The perversity of viewing Zhao through the puny prism of limited personal experience is that the significance of his influence on policy and the potential significance of his policies for other developing countries is obscured. He was among a cadre of reformers who had witnessed first-hand the inhumanity of ideology run amok, and who knew that the reason for decades of deprivation was the combination of a fraudulent philosophy and a leader, Mao Zedong, who fashioned that philosophy in his own image, creating a secular spirituality with himself, naturally enough, as godhead.
    
    There was a large library of devotional literature, including miraculous tales of complicated operations being performed under the gauche guidance of The Little Red Book and of inspired deaf-mutes at the Liaoyuan Mining Administration suddenly able to sing the praises of Chairman Mao. Even in 1985, when I arrived in Beijing as a correspondent and Zhao was Prime Minister, this genre of tragi-comic nonsense still had a hold on hundreds of millions of people. Not that they necessarily believed every weird word, but because it was still politically dangerous to suggest publicly that you did not believe every word.
    
    Curiosity was discouraged and integrity was incidental. During the Cultural Revolution (officially 1966-76) a stray conversation was enough to raise suspicion and the purges were only partly political. If you had a grudge against a neighbour, and coveted his Flying Pigeon bicycle, then spreading a few rumours about “bourgeois tendencies” would be enough to excite the street committee to action. The desired result was that your own ideological purity would be proved and you would have a better bicycle.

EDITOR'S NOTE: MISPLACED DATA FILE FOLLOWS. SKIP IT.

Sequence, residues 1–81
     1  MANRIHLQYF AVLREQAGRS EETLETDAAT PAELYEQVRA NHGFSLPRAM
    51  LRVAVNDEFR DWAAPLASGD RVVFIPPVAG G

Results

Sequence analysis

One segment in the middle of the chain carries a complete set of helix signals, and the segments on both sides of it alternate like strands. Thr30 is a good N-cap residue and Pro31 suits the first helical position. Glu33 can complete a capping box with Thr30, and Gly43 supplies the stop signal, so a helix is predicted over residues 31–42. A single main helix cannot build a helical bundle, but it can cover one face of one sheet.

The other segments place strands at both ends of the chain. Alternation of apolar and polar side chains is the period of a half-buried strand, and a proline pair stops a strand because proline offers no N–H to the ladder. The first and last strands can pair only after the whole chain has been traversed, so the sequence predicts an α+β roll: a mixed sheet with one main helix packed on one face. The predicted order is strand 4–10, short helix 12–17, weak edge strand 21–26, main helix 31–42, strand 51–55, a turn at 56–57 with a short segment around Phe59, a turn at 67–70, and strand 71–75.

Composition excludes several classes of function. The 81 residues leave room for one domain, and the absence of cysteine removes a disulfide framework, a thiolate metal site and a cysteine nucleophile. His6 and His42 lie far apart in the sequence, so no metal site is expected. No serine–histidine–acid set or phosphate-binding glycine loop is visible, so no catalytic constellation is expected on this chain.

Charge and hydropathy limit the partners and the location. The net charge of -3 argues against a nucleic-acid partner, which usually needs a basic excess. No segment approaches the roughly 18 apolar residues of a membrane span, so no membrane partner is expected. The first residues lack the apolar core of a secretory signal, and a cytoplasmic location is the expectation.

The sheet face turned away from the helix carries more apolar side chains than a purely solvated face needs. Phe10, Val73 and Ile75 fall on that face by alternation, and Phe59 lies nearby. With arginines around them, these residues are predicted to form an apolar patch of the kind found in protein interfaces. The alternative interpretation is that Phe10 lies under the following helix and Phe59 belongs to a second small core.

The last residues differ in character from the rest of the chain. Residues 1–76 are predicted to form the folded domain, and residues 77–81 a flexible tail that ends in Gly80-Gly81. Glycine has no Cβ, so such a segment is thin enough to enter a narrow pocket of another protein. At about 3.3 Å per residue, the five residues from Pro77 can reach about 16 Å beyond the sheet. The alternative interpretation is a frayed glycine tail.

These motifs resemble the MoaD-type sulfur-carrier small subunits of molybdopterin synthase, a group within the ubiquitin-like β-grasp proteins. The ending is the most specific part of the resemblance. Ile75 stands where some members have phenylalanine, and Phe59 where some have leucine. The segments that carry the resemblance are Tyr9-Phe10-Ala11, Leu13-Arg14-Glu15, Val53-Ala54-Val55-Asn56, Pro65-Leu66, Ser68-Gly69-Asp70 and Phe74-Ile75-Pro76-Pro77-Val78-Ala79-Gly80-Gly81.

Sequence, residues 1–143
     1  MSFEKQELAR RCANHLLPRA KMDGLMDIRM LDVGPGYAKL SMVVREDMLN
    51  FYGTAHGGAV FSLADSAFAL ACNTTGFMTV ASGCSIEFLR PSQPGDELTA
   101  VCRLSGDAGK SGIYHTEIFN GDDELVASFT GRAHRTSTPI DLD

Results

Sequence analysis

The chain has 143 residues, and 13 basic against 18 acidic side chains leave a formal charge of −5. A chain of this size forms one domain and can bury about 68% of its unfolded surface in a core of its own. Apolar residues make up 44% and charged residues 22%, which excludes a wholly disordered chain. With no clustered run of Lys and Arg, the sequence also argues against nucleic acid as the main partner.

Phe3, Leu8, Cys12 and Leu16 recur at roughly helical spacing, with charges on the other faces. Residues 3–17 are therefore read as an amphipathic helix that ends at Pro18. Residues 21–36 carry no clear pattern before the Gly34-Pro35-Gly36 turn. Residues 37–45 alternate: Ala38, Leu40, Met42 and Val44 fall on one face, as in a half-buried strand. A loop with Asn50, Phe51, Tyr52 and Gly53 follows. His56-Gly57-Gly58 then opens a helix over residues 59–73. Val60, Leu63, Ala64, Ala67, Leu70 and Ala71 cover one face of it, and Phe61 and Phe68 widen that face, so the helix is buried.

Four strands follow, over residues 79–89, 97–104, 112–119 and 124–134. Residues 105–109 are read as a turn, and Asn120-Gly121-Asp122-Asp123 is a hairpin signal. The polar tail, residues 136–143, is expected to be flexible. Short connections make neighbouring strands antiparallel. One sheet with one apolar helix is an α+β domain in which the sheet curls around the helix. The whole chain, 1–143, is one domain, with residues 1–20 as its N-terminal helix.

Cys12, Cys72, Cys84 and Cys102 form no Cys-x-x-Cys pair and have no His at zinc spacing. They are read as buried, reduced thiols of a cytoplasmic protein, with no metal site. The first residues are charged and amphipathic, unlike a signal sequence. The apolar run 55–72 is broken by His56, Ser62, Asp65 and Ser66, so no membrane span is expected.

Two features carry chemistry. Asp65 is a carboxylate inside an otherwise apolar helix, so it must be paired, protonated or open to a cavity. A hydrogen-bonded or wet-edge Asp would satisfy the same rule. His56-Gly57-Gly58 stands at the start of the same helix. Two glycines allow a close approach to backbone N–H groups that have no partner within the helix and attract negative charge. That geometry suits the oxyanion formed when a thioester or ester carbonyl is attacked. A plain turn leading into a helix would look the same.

As the Cultural Revolution was drawing to a close, Zhao was in Sichuan, experimenting with the economic and psychological therapy that would be required to reconstruct a country that did not trust itself, let alone anyone else. The great, world-changing Chinese export boom began in small villages, where farmers were allowed to sell produce on free markets once their state quota had been filled and encouraged to develop sideline businesses. For a population too familiar with famine, the punning peasant rhyme of the era was: Yao chi liang, zhao Ziyang — if you want to eat grain, look to Ziyang.
    
    China’s political system is far from reformed, as the Communist conundrum over Zhao’s passing has reinforced, but the personal and economic emancipation continues. Young Chinese studying in Britain have choices almost unimaginable when they were born, and yet if those early experiments in Sichuan had failed, and if Zhao and a few others had not institutionalised change, those same students would be sitting mute in classrooms contemplating whether or not “class struggle ” was relevant in a society in which all were impoverished.
    
    Perhaps it is best to bid farewell to Zhao, a tolerant and humble humanist, with a stanza from Mao Zedong, a far better poet than he was a leader:
    
    Sweet and fair, she craves not spring for herself alone,
    To be the harbinger of spring she is content.
    When the mountain flowers are in full bloom
    She will smile, mingling in their midst.
    (From Ode to the Plum Blossom, 1961)
    
    The author is Editor of The Times
    
    
    转自新世纪 (博讯 boxun.com)